After years of debate about women’s rights to equal opportunities, Title IX amended the United States Civil Rights Act of 1964 to prohibit sexual discrimination in regard to any educational program or activity funded by the government.

It’s now been 40 years since this landmark law passed.

President Richard Nixon signed the bill into law on June 23, 1972.

While not expressly intended to be sports-related legislation, Title IX helped assure that women were afforded the same federally funded opportunities as their male counterparts, including equal athletic programs, facilities and funding. As a result, Title IX fostered the further athletic development of millions of American women who may not have been given such chances without its passing into law.

Here are the 10 best female athletes who have emerged since Title IX became law:

Jackie Joyner-Kersee

The living embodiment of the ideal athlete, Jackie Joyner-Kersee is often ranked among the greatest athletes of all-time, male or female. Joyner-Kersee won three gold, one silver, and two bronze medals in the heptathlon and long jump in competitions over four Olympic Games from 1984 to 1996. She also was a star in both track & field and women’s basketball while she attended UCLA from 1980 to 1985.


Mia Hamm

Few athletes — regardless of gender — have dominated a sport the way Mia Hamm reigned over women’s soccer from 1987 to 2004. Hamm scored 158 international goals in her career, more than any other player, male or female. Hamm was a part of two Olympic gold medal-winning teams and two World Cup champions while with the U.S. National Team, and four NCAA championship clubs while in college at North Carolina. She was inducted into the National Soccer Hall of Fame in 2007.

Lisa Leslie

Among the most dominant women’s basketball players of all-time, Lisa Leslie helped the U.S. National Team win four Olympic gold medals. She was a three-time WNBA MVP and eight-time WNBA All-Star. The 6’5″ Leslie was also the first player to dunk in a WNBA game, an event that perhaps most clearly illustrated how women were able to perform the same athletic feats as men.

Chris Evert

Though she made her Grand Slam tennis debut a year before Title IX became a reality, Chris Evert inspired millions of young women by demonstrating how dominant an American woman could be in the sporting world. Evert held the year-end No. 1 ranking in women’s singles tennis from 1974 to 1978 and 1980 to 1981. Among her 18 career Grand Slam singles victories were a record seven French Open titles and a record six U.S. Open. championships.

Bonnie Blair

American speedskater Bonnie Blair is among the most heralded Olympians ever. In an under-appreciated sport, Blair won five gold medals and one bronze medal as she represented the Unites States in four Olympiads (1984, 1988, 1992, 1994). She was elected to the United States Olympic Hall of Fame in 2004 and remains the most decorated female Winter Olympian in U.S. history.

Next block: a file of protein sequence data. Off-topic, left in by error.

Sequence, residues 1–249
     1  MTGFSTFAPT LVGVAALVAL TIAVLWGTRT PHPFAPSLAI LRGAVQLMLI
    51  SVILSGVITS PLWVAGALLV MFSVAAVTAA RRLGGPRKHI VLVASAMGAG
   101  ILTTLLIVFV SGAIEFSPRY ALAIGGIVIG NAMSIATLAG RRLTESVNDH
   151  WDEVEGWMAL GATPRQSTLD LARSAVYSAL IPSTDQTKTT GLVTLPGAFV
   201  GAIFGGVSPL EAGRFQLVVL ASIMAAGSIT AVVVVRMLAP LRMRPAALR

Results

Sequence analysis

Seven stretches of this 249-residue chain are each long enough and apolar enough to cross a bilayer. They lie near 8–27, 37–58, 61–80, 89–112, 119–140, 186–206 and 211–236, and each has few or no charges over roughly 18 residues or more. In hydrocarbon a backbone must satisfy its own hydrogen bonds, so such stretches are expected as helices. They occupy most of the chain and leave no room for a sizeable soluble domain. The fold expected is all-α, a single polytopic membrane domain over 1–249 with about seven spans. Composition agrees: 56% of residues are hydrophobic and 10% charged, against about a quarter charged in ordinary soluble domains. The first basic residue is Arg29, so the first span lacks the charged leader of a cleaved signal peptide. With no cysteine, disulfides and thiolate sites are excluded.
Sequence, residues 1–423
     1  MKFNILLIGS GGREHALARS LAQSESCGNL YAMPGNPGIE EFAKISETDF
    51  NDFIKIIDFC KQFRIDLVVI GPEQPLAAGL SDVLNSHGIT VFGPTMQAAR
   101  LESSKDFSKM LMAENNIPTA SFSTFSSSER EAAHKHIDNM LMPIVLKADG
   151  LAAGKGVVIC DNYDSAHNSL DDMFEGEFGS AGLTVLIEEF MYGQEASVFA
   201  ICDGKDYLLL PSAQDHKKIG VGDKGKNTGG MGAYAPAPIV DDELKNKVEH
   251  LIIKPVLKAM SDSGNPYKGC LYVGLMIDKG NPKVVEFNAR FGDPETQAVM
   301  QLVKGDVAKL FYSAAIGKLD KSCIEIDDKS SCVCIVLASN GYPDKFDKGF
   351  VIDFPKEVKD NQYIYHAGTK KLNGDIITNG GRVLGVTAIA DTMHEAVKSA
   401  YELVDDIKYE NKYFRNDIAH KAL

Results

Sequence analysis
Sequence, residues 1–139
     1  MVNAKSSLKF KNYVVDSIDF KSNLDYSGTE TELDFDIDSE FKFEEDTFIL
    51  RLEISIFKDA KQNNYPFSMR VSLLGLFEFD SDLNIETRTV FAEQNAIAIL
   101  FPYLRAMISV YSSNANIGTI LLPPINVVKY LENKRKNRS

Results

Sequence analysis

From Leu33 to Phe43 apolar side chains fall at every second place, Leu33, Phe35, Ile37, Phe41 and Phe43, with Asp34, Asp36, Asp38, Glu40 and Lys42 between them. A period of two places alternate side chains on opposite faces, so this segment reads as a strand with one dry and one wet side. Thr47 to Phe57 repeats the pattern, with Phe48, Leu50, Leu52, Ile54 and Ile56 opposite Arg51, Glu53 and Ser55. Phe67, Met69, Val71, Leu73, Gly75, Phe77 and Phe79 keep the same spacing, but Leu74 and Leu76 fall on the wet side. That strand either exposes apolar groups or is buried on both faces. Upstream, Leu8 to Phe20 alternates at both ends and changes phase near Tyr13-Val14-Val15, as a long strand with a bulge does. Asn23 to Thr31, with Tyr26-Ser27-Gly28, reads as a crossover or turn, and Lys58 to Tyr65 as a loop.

Janet Evans

Janet Evans is the greatest women’s distance swimmer in American Olympic history. Evans won five Olympic medals — four gold and one silver – in the 400, 800 and 1500 meter freestyle at the 1988 and 1992 Summer Olympics. She has also won 45 national titles, 17 international titles and five NCAA titles. Twenty years and a retirement later, Evans is currently back in the pool at age 40, trying to qualify for the 2012 Olympics in London.

Florence Griffith-Joyner

The late Florence Griffith-Joyner may have been the fastest woman who ever lived. A three-time gold and two-time silver medal-winning sprinter in the Summer Olympics of 1984 and 1988, Griffith-Joyner still holds the world record in both the 100 and 200 meter races, which she set in 1988. Sadly, Griffith Joyner died in 1998 of an epileptic seizure at the age of 38.

Serena Williams

Ranked No. 1 in the world in tennis on five separate occasions, Serena Williams may finish her career as the greatest American tennis player who ever lived. With 13 Grand Slam singles titles and 27 overall Grand Slam titles, Serena has even been more successful than her older sister Venus, whom she has defeated in 13 of the 23 matches they have played. The sisters have also won two Olympic gold medals in women’s doubles. Serena has won more prize money than any other female athlete in sports history.

Lisa Fernandez

Perhaps the greatest women’s softball player of all-time, Lisa Fernandez was dominant both internationally and at the college level. As a member of the U.S. National Team, Fernandez pitched her way to gold medals in the 1996, 2000 and 2004 Summer Olympics. She struck out a record 25 batters at the 2000 Games in Sydney. Fernandez also led UCLA to two NCAA Women’s College World Series titles from 1990 to 1993. As further demonstration of her athletic ability, Fernandez also played basketball while in college at UCLA.

Lindsey Vonn

Lindsey Vonn may finish her career as the best women’s skier of all-time. Vonn has won one Olympic gold medal and one bronze medal. She has four overall World Cup championships in 2008, 2009, 2010 and 2012 and 53 World Cup victories, third on the all-time list.

Honorable Mentions: Cheryl Miller, Michelle Kwan, Sheryl Swoopes, Venus Williams, Mary Lou Retton

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